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Carson COOMAN (b. 1982)
Sacred Choral Music
Adam Lay Ybounden Op. 576 (2004) [1:57]
In The Beginning Was the Word Op. 161 (1999, rev 2003) [2:43]
A Cosmic Prayer Op. 460 (2002) [2:55]
New World Carols: An American Christmas Triptych Op. 5151 (2003) [11:29]
Builders for Christ Op.498 (2003) [4:39]
O Perfect Life of Love Op. 361 (2002) [3:34]
Premat Mundus Op. 597 (2004) [2:31]
The Way, the Truth, the Life Op. 381 (2002) [3:31]
God, You Move Among Us Op. 657 (2005) [2:55]
Easter Triumph! Easter Joy! Op. 585 (2004) [3:37]
Missa Brevis (“Trottier”) Op. 558 (2004) [9:15]
I Will Pour Out My Spirit Op. 683 (2006) [3:41]
Be Present, Holy Trinity Op. 586 (2004) [5:08]
O Bone Jesu Op. 517 (2003) [3:27]
Psalm 66 (Be Joyful in God) Op. 664 (2005) [3:33]
The Lamp of Charity Op. 489 (2003) [3:29]
Prayer of Julian of Norwich Op. 528 (2003) [2:38]
Magnificat and Nunc Dimittis (“St Peter’s, Cambridge”) Op. 470 (2003) 7:45]
The Choir of Royal Holloway, University of London/Rupert Gough
Samuel Rathbone (organ)
rec. 24-25 April 2007, Douai Abbey, Upper Woolhampton, Reading, Berkshire, UK. DDD
Original Texts and English translations included
Experience Classicsonline

So far as I’m aware I haven’t previously encountered the music of Carson Cooman. However, I see that several discs of his music have already been reviewed on MusicWeb. Bob Briggs reviewed a CD devoted to songs and piano music while another disc, of piano music, was appraised by Dan Morgan. Patrick Waller was generally welcoming when he reviewed a disc of orchestral music. I’ve deliberately tried not to read their reviews in any depth so as to form an unbiased opinion.
The first thing that struck me when I received this CD was the sheer industry of Mr Cooman. Though he was born as recently as 1982 it appears from the material included here that by 2006 he had already notched up Op. 683 and one assumes that further music has been composed since then. Yet Cooman is also active as an organist, specialising in contemporary music, and also as a writer and musicologist. One might legitimately wonder where he gets the time for all this activity.
From the brief biography in the booklet we learn that his composition teachers have included Bernard Rands and Judith Weir. To judge from the music on this disc he writes tonal, accessible music. The pieces on this disc sound to be very skilfully written for choir and, as one might expect from an organist, the pieces that are accompanied have effective organ parts. The style is almost exclusively homophonic.
All the pieces on the programme were written in response to specific commissions, mostly from churches, the majority of which seem to be in New England, or from conductors. That may account for the accessible nature of the writing. I suspect Mr Cooman sought to make these pieces relatively easy – and I don’t use that word pejoratively – for audiences or congregations to assimilate and enjoy at first hearing. In that I’d say he’s succeeded. To what extent he’s succeeded in writing music that says anything new I’m not quite so sure.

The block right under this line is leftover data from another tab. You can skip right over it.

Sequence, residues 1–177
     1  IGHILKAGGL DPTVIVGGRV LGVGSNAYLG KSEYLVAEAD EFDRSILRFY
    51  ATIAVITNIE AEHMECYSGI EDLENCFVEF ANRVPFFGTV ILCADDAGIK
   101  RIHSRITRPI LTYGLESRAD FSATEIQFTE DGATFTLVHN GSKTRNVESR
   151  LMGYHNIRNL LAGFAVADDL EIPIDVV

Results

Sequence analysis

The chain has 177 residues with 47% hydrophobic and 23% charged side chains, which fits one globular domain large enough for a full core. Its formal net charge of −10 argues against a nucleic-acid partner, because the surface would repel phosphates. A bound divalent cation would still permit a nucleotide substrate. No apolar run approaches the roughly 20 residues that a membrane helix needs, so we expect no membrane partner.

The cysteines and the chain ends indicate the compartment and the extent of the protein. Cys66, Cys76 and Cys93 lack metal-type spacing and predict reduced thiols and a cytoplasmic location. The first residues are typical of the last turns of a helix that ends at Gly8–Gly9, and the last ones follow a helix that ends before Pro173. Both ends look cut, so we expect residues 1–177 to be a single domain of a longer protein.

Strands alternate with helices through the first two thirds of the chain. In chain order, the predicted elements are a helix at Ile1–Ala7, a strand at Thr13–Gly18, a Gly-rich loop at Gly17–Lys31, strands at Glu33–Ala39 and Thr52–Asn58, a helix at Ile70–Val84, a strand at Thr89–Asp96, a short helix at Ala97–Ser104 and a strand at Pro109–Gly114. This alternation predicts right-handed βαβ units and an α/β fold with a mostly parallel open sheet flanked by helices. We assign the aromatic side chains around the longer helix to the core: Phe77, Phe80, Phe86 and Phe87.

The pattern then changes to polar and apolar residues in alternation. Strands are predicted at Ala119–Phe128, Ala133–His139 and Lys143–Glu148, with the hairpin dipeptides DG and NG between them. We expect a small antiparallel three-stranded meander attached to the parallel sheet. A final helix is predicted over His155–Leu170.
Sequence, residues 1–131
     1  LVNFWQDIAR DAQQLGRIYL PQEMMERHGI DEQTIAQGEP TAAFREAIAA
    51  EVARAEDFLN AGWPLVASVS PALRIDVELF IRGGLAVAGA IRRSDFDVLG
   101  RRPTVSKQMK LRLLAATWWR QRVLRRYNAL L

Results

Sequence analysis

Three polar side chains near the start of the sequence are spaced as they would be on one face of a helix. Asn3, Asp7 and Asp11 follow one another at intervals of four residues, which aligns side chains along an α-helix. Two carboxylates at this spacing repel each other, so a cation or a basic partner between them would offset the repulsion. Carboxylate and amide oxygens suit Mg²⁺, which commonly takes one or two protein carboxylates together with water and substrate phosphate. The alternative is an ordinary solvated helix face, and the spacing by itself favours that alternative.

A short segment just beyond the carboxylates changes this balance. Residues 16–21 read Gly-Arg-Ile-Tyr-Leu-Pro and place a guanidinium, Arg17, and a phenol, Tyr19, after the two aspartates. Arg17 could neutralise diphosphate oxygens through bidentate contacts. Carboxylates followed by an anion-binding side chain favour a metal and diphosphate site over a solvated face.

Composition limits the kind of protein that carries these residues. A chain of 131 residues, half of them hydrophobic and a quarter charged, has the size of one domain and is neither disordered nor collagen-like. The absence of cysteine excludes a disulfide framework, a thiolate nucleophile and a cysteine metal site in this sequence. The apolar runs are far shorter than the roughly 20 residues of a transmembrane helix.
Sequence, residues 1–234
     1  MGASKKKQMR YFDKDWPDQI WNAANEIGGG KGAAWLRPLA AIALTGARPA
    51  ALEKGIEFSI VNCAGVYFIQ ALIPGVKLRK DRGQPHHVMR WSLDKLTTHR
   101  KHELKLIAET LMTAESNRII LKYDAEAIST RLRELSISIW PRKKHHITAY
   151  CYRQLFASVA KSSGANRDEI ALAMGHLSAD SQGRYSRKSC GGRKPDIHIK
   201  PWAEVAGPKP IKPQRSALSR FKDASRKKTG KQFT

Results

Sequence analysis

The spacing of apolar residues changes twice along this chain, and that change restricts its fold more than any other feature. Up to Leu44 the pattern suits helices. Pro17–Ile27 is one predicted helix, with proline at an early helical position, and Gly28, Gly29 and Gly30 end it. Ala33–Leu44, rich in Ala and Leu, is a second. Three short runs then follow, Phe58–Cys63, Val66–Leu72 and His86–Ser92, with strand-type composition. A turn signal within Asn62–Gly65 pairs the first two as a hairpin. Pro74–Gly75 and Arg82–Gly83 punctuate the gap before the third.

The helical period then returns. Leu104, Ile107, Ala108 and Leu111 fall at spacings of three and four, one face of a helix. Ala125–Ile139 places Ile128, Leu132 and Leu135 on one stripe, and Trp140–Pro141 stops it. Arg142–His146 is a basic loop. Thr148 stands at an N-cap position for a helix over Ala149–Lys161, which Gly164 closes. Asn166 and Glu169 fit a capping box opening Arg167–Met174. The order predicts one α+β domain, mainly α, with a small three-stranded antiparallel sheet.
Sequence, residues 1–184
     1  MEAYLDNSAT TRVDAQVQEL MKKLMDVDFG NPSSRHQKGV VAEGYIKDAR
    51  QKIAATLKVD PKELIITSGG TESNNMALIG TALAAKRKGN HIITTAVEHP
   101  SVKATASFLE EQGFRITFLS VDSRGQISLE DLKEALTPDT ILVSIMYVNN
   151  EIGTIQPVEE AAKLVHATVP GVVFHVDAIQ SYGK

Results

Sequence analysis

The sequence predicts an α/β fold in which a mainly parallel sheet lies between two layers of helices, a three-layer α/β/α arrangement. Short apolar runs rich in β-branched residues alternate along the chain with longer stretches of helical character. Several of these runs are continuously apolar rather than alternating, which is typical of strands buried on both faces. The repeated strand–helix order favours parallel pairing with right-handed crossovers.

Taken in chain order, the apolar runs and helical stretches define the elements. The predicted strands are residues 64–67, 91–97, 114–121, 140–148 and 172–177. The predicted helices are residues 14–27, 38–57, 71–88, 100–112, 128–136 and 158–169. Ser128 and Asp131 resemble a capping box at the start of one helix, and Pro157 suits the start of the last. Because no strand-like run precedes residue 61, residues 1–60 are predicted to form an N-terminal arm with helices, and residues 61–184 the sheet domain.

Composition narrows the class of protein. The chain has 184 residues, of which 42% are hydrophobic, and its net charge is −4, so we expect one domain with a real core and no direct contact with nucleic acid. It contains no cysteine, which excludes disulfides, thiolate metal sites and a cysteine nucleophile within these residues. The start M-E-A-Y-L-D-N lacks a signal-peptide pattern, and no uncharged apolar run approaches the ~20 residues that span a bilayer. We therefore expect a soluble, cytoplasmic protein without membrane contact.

The music, which is consistently well crafted, has a good deal of surface appeal but it seems to fall between two stools. It rather lacks the originality – and daring – of some composers who have written challenging but accessible music for choirs – I’m thinking of composers such as James Macmillan or Judith Bingham. On the other hand, it doesn’t really have the melodic appeal of a composer such as John Rutter.
That’s not to say I didn’t enjoy the music. The Missa Brevis, for example, is a succinct setting, which contains a rather beautiful ‘Lamb of God’. The Mass sounds well here and I should think it works well in a liturgical context. I’ suggest that the Evening Canticles, placed at the very end of the programme, are also effective liturgical items. I think I prefer Cooman’s slow music – of which there’s quite a bit in this recital – to his faster pieces. Often, when he writes in a vigorous vein – for example in Adam Lay Ybounden; in the exuberant outer sections of Easter Triumph! Easter Joy!; or in his setting of  Psalm 66 - one feels one has heard many similar pieces written, just as well, by other hands. His slow music does have a sincerity and directness of expression that’s effective. One such piece is The Lamp of Charity. Also worthy of citation are the slow, mysterious In The Beginning Was the Word and Prayer of Julian of Norwich, which is grave and rather lovely.   
In summary, my feeling is that this music would be excellent in the context of church services and that any of these pieces would be a welcome addition to the repertoire of any church choir of a reasonable standard of accomplishment. Whether it justifies a whole CD release I’m less sure. I’d certainly suggest that this is a disc best dipped into rather than for listening right through. I can’t escape the niggling feeling that perhaps, as a composer, Carson Cooman is just a little too prolific for his own good.
The performances by the Royal Holloway choir are excellent - I especially admire the choir’s blend and their clear, fresh sound. They are sympathetically recorded and the engineers achieve a good balance between the choir and the accomplished organ playing of Samuel Rathbone.
John Quinn
Naxos American Classics review pages


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